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Let $f :R \to S$ be a surjective ring homomorphism , $M$ be a maximal ideal of $S$ , I am writing a proof showing $f^{-1}(M)$ is a maximal ideal of $R$ , Please verify whether it is correct or not .

Proof :- Let $J$ be an ideal such that $f^{-1}(M) \subset J \subseteq R$ , we want to show $J=R$ i.e. $R \subseteq J$. Now as $f$ is surjective , $M=f(f^{-1}(M)) \subseteq f(J) \subseteq S$ . As $f$ is surjective , $f(J)$ is an ideal of $S$ . Now if it were possible that $M=f(J)$ , then $x \in J \implies f(x) \in f(J)=M \implies x \in f^{-1}(M)$ , so $J \subseteq f^{-1} (M)$ ,contarry to our assumption $f^{-1}(M) \subset J$ . Thus $M \ne f(J)$ , $f(J)$ is an ideal of $S$ containing $M$ ; since $M$ is maximal ideal in $S$ , so $f(J)=S$ . Then $x \in R \implies f(x) \in S=f(J) \implies \exists j \in J : f(x)=f(j) \implies f(x-j)=0_S \in M $

$\implies x-j \in f^{-1} (M) \subset J \implies x=x-j+j \in J$ , so $R \subseteq J$

Is the proof correct . Please comment .

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    $\begingroup$ I like the "pull back image" term. I always hate to say "inverse image". I'll use that from now on. $\endgroup$ – user207710 Mar 20 '15 at 14:12
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Your proof does indeed seem to be correct. It is written in a very convoluted way, however. Perhaps you should start with:

Let $J$ be an ideal containing $f^{-1}(M)$. As $f$ is surjective, $f(J)$ is an ideal, and it contains $M$. As $M$ is maximal, either $f(J)=M$ or $f(J)=S$. If $f(J)=M$, then...

Notice that this avoids your imprecision with the "contrary with our assumption", which actually is not contrary to any assumption you made. Also, it cleans up the proof, by making the chain of deduction clearer.

If I may suggest, a cleaner way of proving this is by an altogether different method, bypassing elements. Since $M$ is maximal, $k:=S/M$ is a field. Since $f$ is surjective, its composition with the canonical projection $\bar{f}:R\to k$ is a surjection. This means that $\ker \bar{f}$ is a maximal ideal. Can you compute it?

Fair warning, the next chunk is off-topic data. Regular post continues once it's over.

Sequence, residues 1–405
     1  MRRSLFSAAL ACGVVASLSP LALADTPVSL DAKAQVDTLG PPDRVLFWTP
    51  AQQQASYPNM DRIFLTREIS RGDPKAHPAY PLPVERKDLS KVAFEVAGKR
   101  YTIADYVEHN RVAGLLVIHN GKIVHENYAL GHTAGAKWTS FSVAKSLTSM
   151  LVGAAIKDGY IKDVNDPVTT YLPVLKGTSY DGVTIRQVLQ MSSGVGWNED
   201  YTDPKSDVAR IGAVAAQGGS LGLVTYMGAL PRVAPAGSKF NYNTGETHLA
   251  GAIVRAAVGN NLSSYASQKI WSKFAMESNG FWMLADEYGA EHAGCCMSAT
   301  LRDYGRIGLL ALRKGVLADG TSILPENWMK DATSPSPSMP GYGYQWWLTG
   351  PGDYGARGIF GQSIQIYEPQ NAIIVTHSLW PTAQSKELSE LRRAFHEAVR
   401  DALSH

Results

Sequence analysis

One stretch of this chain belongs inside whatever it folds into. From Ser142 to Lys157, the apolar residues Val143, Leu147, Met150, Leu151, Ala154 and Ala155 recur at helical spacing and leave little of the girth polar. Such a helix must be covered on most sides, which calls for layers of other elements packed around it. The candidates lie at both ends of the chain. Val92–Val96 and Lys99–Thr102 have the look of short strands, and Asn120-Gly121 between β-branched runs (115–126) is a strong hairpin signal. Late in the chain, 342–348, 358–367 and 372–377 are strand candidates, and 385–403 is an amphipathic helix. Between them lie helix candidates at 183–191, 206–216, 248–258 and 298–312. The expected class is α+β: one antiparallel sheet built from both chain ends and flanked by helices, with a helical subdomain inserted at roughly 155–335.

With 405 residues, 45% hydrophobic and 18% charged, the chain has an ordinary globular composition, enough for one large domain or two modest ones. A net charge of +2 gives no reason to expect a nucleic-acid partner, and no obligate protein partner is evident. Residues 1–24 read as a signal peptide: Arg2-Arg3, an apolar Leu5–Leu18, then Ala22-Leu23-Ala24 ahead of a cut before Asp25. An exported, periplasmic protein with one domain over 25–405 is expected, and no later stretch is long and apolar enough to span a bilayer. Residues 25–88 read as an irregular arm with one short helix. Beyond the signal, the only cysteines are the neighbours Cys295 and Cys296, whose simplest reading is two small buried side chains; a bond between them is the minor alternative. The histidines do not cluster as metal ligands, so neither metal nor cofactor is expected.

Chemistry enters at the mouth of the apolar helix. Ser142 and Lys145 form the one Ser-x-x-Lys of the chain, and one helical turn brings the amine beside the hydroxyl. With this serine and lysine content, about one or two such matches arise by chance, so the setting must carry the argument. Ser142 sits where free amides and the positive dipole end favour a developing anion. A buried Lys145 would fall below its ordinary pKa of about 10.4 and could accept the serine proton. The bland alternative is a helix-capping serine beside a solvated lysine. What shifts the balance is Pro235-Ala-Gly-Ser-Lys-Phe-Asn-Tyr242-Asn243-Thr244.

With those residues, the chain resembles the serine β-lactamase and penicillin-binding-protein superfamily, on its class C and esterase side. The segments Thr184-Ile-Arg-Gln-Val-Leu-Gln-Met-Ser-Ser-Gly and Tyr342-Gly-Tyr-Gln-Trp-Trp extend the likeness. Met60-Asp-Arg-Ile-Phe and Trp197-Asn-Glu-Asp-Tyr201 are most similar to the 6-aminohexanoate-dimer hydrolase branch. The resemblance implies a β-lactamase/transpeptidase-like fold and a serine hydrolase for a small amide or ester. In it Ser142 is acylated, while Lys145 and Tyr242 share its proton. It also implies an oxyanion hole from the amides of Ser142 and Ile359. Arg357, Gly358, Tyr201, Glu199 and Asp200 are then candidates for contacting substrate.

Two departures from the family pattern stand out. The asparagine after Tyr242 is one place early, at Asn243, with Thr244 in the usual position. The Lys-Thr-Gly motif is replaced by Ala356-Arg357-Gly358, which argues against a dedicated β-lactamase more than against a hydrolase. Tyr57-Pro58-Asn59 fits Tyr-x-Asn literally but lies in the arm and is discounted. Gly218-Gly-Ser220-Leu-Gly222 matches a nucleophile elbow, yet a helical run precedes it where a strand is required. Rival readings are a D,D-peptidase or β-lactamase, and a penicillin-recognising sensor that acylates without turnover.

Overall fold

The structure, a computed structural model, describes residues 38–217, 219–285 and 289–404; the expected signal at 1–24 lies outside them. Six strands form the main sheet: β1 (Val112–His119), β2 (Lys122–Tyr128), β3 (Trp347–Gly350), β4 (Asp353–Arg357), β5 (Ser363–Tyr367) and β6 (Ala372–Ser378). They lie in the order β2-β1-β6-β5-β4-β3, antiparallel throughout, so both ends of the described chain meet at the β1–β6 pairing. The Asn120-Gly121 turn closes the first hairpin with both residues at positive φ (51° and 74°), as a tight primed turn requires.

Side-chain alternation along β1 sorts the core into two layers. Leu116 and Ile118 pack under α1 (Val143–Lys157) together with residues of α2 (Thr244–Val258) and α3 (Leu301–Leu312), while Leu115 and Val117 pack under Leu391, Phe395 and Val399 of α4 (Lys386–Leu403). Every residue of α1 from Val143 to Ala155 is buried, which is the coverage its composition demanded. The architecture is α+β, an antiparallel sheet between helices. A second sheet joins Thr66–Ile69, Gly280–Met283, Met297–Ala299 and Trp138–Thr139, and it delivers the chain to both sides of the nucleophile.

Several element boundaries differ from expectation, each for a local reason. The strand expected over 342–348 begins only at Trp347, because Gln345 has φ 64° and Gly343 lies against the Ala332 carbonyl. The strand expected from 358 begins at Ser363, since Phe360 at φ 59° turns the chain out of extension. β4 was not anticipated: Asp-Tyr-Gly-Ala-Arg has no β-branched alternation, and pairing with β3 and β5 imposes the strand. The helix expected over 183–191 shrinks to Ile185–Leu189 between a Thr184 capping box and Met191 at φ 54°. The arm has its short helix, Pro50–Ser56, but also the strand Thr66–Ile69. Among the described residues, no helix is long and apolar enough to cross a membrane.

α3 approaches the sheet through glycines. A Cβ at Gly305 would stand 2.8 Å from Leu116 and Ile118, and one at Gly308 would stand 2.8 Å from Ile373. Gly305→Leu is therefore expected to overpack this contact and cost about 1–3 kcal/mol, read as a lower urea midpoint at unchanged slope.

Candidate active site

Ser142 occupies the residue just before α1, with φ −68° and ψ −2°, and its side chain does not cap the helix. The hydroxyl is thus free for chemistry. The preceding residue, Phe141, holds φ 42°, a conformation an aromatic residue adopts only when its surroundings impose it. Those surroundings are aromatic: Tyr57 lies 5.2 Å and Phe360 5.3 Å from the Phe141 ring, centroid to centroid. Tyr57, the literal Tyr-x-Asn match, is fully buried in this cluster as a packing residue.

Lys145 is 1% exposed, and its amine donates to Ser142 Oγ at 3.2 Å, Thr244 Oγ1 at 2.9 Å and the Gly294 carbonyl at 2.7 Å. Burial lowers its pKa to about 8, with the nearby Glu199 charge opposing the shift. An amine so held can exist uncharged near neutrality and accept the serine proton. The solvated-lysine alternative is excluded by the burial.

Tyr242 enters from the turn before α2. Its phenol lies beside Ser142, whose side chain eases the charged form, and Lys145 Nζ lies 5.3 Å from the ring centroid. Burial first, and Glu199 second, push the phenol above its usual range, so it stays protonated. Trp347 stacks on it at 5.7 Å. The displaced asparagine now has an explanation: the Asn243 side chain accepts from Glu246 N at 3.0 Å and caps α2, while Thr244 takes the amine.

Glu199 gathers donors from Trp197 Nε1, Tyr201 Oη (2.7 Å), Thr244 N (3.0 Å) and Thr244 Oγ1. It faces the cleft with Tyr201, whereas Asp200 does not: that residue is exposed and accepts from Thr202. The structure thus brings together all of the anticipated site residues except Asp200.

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  • $\begingroup$ But $J \subseteq f^{-1}(M)$ is a contradiction because I assumed $f^{-1}(M)$ is a "proper subset" of $J$ ... $\endgroup$ – Souvik Dey Mar 20 '15 at 14:54
  • $\begingroup$ Ah sorry,my bad. I usually don't use the inclusion sign to mean proper inclusion. Despite that, I think it still helps to write it along those lines. $\endgroup$ – Artur Araujo Mar 20 '15 at 15:00
  • $\begingroup$ @ArturAraujo Why is $\ker \overline{f}$ a maximal ideal? $\endgroup$ – user193319 Dec 21 '17 at 19:26
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    $\begingroup$ @user193319 given that it is a surjection onto a field, what would happen if the kernel were not maximal? $\endgroup$ – Artur Araujo Dec 21 '17 at 22:30
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    $\begingroup$ Points now raised at math.stackexchange.com/questions/2577094/… $\endgroup$ – Gerry Myerson Dec 22 '17 at 19:20
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I think it would be better to deduce this from the more general correspondence theorem.

This says that there is a one-to-one, inclusion-preserving correspondence between the ideals of $S$ and the ideals of $R$ which contain the kernel $K$ of $f$.

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